Don't be afraid to tell people about your illness. Do contact Macmillan who are an excellent source of support. And try and live for today. Not an uncertain tomorrow.

Sending you my warmest wishes.
flowers

formerbabe Mon 15-Dec-14 11:35:34

I'm so so sorry op..... I am crying just reading your posts...my heart goes out to you. It is my greatest fear as a mother and I can only imagine your pain. You will be in my thoughts this Christmas flowers

Some ideas for your daughter.

Write her birthday cards for the future which her father can give her every birthday until she's 21. You can even write jokes in there, life tips/skills/messages/anecdotes and tell her how much you love her.

Takes as many photos as you can.

Record your voice for her.

I will be back if I can think of anymore things. Thinking of you op xx

MonstrousRatbag Mon 15-Dec-14 11:35:41

Be careful of all the negativity associated with this disease.

Be even more careful of the subtle and not-so-subtle pressure to suppress your natural feelings of fear, anger and loss. This is real, this is frightening, and it is happening to you however positive you manage to be. It is perfectly ok to feel daunted or even overwhelmed by that. Feel how you feel without guilt.

Ask your DH to hold off on the birthday stuff if you need that. It might be easier to have something low-key that doesn't take place on the day itself.

ItIsSmallerOnTheOutside Mon 15-Dec-14 11:38:15

I was going to say a memory box but see that other posters have beaten me to it. Letters, photos, little charms. Anything you pass on to your daughter will be so special to her. My heart is breaking for you, I can't imagine how hard this must be.

LoisHatesChristmas Mon 15-Dec-14 11:45:47

I'm so sorry op, I agree with previous posters that spending time making/writing things for your daughter might help. I think a couple of hours alone to just cry isn't a bad idea either but don't run away flowers

TaytoCrisp Mon 15-Dec-14 11:47:34

Dear Jenny, my heart goes out to you. I am in tears reading your posts. I can't imagine anything more difficult than what you are going through. What services are in your area? Do you have access to a social worker - often they are very helpful in offering advice on memory boxes and communication. Maybe when you feel strong enough you could start to take videos of fun times with you daughter. Maybe you could make a short film or put together clips for her. There are lovely photo books that you can put together online - you could make a book for her that she would always keep and cherish. That way she will always remember you and understand how tough and brave you are. I really hope your prognosis is not as bad as it seems but the advice in these situations is often to hope for the best but prepare for the worst. Sending lots of love you way today.. You will always be her mummy, even if she does call someone else mum at some time in the future you will always be her real courageous mum that loves her more than anything else in the world. Start to make a record of that; she will always know. Will be thinking of you and sending you lots of love today.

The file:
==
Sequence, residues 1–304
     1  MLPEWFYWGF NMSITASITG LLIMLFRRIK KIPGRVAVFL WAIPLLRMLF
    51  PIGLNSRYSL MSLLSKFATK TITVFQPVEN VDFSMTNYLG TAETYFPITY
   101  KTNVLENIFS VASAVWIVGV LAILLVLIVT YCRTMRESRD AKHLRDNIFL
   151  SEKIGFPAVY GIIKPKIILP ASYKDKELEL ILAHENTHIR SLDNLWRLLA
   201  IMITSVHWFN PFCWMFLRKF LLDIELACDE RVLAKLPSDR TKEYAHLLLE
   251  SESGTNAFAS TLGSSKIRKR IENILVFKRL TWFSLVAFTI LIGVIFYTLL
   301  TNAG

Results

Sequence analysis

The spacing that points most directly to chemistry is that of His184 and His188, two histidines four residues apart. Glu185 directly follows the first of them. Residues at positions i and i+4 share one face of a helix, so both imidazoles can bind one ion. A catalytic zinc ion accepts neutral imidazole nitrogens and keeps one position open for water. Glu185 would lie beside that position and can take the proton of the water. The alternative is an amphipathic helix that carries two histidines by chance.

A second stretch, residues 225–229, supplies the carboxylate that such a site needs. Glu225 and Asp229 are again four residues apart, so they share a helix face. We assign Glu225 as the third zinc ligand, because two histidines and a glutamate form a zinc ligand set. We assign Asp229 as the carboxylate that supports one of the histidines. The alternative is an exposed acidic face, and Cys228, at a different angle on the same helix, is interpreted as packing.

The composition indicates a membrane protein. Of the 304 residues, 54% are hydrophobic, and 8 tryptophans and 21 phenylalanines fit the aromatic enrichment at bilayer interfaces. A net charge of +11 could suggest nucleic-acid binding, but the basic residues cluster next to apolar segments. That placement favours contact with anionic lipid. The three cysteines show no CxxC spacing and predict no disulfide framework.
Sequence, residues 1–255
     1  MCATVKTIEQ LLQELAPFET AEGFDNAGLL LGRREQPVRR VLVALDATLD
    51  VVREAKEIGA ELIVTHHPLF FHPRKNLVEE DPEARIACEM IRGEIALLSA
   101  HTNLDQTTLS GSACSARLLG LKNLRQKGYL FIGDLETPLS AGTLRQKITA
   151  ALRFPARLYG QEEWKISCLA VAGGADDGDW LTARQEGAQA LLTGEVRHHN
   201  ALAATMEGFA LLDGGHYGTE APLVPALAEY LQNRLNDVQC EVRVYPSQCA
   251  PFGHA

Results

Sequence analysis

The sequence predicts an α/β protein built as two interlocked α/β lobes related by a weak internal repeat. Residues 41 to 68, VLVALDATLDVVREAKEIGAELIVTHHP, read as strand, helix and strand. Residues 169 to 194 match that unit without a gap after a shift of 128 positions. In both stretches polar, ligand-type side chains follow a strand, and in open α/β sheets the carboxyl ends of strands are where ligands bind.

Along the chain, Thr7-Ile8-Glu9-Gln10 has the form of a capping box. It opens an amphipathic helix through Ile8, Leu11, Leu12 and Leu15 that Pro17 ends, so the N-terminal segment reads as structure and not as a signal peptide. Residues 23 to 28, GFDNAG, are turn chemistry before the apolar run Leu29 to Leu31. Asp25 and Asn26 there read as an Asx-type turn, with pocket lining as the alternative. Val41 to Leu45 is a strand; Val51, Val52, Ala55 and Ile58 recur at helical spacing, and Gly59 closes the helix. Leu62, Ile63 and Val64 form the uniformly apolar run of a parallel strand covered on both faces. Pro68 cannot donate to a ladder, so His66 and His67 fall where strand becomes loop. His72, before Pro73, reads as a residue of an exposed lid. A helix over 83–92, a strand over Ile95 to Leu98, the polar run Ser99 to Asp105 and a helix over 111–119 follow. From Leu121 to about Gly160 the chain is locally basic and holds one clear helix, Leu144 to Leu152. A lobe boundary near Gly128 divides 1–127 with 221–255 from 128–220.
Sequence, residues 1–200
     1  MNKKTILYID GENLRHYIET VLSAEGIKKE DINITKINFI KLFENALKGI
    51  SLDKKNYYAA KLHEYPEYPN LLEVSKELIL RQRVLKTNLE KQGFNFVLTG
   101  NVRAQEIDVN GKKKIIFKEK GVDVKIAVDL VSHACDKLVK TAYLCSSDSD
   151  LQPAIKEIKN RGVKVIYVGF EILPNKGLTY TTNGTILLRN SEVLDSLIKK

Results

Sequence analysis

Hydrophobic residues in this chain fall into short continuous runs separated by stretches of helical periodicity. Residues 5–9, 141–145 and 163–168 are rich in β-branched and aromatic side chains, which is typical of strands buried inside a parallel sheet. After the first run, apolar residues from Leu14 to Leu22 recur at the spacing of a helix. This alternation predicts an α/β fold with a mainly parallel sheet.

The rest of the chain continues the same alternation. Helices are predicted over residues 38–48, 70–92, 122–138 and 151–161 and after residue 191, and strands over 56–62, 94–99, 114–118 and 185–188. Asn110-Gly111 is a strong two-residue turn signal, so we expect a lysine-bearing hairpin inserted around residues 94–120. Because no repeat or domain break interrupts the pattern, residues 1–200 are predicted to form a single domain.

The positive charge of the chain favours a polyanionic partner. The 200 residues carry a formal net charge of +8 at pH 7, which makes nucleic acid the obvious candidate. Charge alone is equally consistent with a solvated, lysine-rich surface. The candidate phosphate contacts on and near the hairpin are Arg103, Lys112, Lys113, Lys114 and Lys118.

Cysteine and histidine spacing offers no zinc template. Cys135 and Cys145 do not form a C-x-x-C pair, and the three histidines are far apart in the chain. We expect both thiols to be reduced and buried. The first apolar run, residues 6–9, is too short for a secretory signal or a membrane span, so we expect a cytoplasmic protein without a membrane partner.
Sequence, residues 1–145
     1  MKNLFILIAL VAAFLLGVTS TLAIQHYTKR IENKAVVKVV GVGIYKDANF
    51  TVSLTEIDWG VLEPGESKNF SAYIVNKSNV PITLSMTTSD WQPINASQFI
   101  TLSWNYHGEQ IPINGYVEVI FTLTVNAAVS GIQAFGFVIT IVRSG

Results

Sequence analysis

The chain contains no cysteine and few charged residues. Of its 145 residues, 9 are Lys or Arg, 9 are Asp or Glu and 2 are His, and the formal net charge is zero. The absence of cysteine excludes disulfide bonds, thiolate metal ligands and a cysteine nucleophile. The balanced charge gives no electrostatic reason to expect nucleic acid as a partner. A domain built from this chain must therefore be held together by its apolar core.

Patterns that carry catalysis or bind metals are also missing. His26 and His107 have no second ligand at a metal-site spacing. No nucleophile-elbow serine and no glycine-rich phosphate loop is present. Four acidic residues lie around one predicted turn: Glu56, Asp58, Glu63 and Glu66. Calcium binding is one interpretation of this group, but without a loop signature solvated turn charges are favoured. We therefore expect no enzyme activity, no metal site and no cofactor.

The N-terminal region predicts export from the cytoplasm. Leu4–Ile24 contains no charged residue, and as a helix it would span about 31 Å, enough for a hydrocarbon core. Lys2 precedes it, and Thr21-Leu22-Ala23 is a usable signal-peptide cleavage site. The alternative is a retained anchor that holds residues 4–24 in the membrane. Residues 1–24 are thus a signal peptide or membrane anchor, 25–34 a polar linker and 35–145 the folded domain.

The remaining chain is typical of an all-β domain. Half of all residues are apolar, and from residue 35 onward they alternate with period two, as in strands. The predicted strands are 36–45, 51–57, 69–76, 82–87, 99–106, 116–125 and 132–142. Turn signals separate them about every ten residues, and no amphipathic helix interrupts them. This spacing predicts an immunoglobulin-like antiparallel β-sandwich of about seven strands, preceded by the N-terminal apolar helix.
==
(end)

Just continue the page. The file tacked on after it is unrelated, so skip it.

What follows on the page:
HearMyRoar Mon 15-Dec-14 11:53:17

You are absolutely entitled to feel the way you do. You are also allowed to take some time out to grieve for yourself. In fact it really sounds like you need that right now, so yes, lock yourself in your room for a bit and cry your heart out if that's what you need.

My mother is now in the final stages of cancer (I expect her to die around christmas), my own daughter is 2 yo and it breaks my heart that she probably won't remember her, I can't imagine how much it must hurt you right now. My mum has put a lot of effort into putting together small gifts, choosing books for dd to read as she grows up, writing letters and stories for her, and putting together a book of photos. It helps to know that though dm won't be there she won't be forgotten and I will have these things to talk to dd about my amazing mum.

For what it's worth I am sure your dh has the best of intentions, but it's not always easy to know what is the right thing to do what the person you love is dying. Talk to him about how you feel and explain you need some space and you just don't feel up to big celebrations. Maybe you could do something small, just some nice chocolates and takeaway for dinner at home or a trip to the cinema, just the three of you.

It was my mum and dad's 30th wedding anniversary yesterday. We went to the hospice and ate biscuits my dad had made and drank a bit of bubbly and it was lovely. I am glad for my dad he got to acknowledge a special time even in a small way.

throckenholt Mon 15-Dec-14 12:49:52

Write her memories of what you were like as a little girl. Try and remember what it was like being 8 (or 12 or whatever), and write it down for her. She will have a connection to look back on. Write stuff about the things you liked to do, places you enjoyed. Write stuff about your family - little stories that no-one else would think or be able to tell her. Can you remember your grandparents for example - write it down - what was it like to visit granny etc. How you met her dad etc. Things that she might like to know when she is grown up and not just a child.

Hopefully going through that process may also help you put your life in context and make it easier to cope with what you are going through.

Life has dealt you a tough hand, try and use it as an opportunity to pass on as much as you can think of for her in the future.